where he lodged at a printer’s, and found a warm friend in Hubert
Languet, whose letters to him have been published. Sidney was eighteen and Languet fifty-five, a French Huguenot, learned and zealous for the Protestant cause, who had been Professor of Civil
Law in Padua, and who was acting as secret minister for the Elector of Saxony when he first knew Sidney, and saw in him a future statesman whose character and genius would give him weight in the counsels of England, and make him a main hope of the Protestant cause in Europe. Sidney travelled on with Hubert Languet from
Frankfort to Vienna, visited Hungary, then passed to Italy, making for eight weeks Venice his head-quarters, and then giving six weeks to Padua. He returned through Germany to England, and was in attendance it the Court of Queen Elizabeth in July, 1575. Next month his father was sent to Ireland as Lord Deputy, and Sidney lived in London with his mother.

At this time the opposition of the Mayor and Corporation of the City of London to the acting of plays by servants of Sidney’s uncle, the
Earl of Leicester, who had obtained a patent for them, obliged the actors to cease from hiring rooms or inn yards in the City, and build themselves a house of their own a little way outside one of the City gates, and wholly outside the Lord Mayor’s jurisdiction.
Thus the first theatre came to be built in England in the year 1576.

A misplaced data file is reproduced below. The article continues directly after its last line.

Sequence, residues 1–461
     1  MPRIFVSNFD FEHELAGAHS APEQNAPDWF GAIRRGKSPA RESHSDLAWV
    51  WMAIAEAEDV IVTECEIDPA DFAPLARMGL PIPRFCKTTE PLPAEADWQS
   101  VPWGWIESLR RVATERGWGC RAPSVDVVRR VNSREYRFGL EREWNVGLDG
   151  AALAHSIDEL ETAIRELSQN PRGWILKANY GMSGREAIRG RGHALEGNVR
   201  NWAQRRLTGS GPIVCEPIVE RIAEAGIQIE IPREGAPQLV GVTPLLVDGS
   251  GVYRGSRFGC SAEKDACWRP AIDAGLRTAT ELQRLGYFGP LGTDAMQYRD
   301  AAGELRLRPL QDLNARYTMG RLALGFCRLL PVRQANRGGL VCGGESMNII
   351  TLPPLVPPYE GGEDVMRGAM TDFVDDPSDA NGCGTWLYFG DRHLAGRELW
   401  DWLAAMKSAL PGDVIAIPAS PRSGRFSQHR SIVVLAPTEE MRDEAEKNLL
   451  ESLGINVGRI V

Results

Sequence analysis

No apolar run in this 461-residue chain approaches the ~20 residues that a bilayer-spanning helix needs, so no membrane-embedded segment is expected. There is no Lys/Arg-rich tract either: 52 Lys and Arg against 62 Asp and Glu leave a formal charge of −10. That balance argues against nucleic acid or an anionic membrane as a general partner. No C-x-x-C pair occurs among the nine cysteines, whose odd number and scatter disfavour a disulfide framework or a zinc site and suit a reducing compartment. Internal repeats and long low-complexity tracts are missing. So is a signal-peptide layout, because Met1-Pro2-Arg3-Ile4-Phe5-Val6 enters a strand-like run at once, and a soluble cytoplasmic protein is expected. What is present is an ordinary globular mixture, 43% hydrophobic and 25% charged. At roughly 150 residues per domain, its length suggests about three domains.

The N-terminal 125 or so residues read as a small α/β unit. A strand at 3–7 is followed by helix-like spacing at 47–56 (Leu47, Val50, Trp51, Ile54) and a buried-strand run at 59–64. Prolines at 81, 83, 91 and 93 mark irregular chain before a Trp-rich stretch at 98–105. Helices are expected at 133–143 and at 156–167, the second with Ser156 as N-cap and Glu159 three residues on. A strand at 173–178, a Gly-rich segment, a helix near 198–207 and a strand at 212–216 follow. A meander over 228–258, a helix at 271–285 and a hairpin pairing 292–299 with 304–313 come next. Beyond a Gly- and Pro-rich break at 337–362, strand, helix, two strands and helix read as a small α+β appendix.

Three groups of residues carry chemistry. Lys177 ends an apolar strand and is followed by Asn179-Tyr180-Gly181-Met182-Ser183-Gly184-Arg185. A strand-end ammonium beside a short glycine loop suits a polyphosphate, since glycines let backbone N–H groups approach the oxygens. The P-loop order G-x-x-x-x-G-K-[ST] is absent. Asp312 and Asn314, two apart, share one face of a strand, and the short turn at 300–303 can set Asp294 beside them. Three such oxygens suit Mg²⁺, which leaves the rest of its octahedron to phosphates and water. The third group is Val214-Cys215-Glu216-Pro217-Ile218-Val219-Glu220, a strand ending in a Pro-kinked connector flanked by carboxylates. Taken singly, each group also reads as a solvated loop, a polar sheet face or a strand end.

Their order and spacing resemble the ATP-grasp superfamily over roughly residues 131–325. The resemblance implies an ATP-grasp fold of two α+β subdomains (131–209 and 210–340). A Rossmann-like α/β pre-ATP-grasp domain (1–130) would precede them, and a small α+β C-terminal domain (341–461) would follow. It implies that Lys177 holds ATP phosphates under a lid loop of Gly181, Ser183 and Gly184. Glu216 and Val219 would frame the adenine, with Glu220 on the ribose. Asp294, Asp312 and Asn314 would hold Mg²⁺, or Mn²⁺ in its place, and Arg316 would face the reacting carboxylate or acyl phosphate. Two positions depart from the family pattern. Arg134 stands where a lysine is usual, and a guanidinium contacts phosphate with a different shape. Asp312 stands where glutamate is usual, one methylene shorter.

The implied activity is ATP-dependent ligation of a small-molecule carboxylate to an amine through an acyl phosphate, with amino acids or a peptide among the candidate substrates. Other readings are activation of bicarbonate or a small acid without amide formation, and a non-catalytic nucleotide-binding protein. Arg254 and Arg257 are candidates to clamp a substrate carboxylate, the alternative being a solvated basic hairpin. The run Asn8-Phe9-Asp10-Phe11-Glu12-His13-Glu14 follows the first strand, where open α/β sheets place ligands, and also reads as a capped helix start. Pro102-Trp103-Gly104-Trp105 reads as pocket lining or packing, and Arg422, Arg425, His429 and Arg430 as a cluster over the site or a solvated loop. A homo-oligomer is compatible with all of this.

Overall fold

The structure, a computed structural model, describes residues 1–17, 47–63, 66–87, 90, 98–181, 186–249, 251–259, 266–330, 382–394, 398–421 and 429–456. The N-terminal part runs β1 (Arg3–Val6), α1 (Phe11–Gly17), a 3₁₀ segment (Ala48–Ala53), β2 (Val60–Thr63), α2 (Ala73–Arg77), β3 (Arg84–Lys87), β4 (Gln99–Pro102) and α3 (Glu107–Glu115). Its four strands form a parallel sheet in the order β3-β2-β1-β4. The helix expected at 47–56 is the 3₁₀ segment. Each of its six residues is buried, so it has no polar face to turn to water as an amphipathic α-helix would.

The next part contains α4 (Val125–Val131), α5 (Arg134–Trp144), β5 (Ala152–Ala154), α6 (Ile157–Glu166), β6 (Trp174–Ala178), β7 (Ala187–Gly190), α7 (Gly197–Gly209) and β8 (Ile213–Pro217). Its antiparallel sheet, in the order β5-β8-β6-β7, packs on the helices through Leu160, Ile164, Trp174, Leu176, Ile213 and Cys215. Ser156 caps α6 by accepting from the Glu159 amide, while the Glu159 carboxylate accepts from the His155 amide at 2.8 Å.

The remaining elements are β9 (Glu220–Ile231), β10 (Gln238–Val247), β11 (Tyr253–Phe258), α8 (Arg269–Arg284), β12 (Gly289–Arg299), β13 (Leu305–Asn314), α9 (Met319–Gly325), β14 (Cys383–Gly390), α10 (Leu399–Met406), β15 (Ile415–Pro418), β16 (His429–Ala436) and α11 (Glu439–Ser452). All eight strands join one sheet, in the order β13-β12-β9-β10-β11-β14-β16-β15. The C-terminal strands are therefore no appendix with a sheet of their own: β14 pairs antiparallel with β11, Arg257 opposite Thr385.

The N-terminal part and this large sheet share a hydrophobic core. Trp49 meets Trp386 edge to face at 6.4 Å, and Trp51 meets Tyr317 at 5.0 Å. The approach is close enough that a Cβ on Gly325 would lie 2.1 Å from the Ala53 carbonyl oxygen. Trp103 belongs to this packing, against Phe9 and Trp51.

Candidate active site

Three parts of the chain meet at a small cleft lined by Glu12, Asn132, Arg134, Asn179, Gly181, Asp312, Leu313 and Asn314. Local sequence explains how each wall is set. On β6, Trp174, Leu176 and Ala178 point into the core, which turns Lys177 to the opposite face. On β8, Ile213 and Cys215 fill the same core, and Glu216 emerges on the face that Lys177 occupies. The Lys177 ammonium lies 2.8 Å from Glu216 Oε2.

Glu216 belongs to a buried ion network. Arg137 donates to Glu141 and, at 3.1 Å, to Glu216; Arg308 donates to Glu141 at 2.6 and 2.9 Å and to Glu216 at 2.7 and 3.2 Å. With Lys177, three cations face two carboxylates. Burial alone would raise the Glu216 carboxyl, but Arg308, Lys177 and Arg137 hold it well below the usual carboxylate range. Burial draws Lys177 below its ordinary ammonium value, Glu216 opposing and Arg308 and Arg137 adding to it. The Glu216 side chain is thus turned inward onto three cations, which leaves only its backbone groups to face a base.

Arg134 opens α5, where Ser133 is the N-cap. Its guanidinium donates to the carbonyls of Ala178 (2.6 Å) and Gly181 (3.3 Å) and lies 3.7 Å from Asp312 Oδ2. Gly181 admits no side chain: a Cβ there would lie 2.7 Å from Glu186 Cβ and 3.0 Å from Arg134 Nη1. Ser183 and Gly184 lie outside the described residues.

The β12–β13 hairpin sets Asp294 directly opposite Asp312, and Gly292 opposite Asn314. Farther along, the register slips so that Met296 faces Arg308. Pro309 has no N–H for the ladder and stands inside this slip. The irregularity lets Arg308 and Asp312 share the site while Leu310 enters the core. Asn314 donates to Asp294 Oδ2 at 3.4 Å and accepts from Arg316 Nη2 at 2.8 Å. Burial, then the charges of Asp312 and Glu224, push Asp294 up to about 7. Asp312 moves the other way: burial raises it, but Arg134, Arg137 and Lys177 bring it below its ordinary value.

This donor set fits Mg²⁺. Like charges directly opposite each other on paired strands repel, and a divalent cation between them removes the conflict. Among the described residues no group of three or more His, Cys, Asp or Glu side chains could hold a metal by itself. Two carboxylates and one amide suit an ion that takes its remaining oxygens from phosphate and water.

Shakespeare was then but twelve years old, and it was ten years later that he came to London.

In February, 1577, Philip Sidney, not yet twenty-three years old,
was sent on a formal embassy of congratulation to Rudolph II. upon his becoming Emperor of Germany, but under the duties of the formal embassy was the charge of watching for opportunities of helping forward a Protestant League among the princes of Germany. On his way home through the Netherlands he was to convey Queen Elizabeth’s congratulations to William of Orange on the birth of his first child, and what impression he made upon that leader of men is shown by a message William sent afterwards through Fulke Greville to Queen
Elizabeth. He said "that if he could judge, her Majesty had one of the ripest and greatest counsellors of State in Philip Sidney that then lived in Europe; to the trial of which he was pleased to leave his own credit engaged until her Majesty was pleased to employ this gentleman, either amongst her friends or enemies."